vi*

book is the oldest manuscript at Charfet, and may also be the very oldest of its type. Some of these manuscripts were copied during our time. Father Louis Cheikho made copies of three of them, which he has placed in the Oriental Library of the Jesuit Fathers at Beirut: the "Guide," by Yahya Ben Jarir [pp. 347-49]; Manarat-el-Aqdas (the Beacon of Holy Things), by Bar Hebraeus [p. 328]; and the Ethicon [p.401]. In conclusion, I cannot abstain from expressing my warmest thanks and my deepest gratitude to all those who have collaborated in the publication of this book, whether by their encouragement or by their gifts. I am very happy to be able to present this catalogue to readers in this year 1936, which will remind all the friends of Charfet of the hundredfiftieth anniversary of its foundation: it will evoke in them the memory of its celebrated founder and his zealous successors. May God, in his infinite mercy, enable the deceased to be admitted into eternal happiness and may the living be filled with all the spiritual and temporal benefits of which they have need! May my book be for the greater glory of God, and for the honor of Charfet, this beloved House where I have been raised under the watch of our powerful protector, Our Lady of Deliverance! Beirut, September 8,1936 on the feast of the Nativity of the Holy Virgin Chorepiscopus Isaac Armalet Translated bj 'Robert Kitchen and Peter T. Daniels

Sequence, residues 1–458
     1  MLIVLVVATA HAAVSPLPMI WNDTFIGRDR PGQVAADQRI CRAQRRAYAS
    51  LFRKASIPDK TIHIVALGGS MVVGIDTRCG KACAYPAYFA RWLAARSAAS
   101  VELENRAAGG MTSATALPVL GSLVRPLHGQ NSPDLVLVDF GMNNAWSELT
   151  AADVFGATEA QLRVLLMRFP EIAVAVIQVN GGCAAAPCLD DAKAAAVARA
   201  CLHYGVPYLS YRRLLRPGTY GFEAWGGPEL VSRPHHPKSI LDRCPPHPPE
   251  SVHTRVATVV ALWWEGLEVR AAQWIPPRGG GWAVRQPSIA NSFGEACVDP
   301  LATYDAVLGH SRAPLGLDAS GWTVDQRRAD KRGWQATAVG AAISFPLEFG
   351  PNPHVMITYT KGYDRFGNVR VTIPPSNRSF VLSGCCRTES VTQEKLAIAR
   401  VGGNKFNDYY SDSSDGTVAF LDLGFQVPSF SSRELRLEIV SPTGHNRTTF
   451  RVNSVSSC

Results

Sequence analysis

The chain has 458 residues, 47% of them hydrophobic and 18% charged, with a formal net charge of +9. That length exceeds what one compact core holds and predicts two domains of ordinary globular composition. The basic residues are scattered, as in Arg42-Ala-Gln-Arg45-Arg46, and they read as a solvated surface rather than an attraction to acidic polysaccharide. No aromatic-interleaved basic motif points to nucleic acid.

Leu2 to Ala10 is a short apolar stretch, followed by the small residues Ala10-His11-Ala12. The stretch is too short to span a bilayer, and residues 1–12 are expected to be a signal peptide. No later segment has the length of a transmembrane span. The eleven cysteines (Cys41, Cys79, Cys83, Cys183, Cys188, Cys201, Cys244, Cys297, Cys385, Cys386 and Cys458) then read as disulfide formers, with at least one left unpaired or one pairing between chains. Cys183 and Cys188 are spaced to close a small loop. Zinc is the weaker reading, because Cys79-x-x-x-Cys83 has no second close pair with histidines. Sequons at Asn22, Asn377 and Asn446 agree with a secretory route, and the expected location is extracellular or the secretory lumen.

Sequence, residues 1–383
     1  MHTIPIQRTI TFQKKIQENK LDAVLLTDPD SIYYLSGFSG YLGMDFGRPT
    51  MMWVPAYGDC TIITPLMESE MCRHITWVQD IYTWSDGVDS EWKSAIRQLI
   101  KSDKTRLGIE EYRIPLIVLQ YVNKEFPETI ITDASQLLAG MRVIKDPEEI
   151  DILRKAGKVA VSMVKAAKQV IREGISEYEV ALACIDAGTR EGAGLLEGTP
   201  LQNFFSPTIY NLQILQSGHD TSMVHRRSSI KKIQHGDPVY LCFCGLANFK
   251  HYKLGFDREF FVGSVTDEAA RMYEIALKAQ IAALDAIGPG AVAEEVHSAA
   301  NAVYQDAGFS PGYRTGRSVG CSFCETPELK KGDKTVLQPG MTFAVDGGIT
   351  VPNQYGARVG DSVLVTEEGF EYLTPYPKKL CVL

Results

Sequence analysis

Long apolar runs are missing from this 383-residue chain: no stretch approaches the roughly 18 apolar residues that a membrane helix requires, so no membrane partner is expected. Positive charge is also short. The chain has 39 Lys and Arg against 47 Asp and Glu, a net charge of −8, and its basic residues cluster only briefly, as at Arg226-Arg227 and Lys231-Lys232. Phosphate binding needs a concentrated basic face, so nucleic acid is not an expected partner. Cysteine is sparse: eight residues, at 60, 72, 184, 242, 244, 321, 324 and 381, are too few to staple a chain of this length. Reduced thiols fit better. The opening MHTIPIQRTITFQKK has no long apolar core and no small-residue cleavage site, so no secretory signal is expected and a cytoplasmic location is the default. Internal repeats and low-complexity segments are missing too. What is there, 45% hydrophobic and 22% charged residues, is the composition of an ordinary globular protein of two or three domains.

Mgr Issac Armalet CHORÉVÊQUE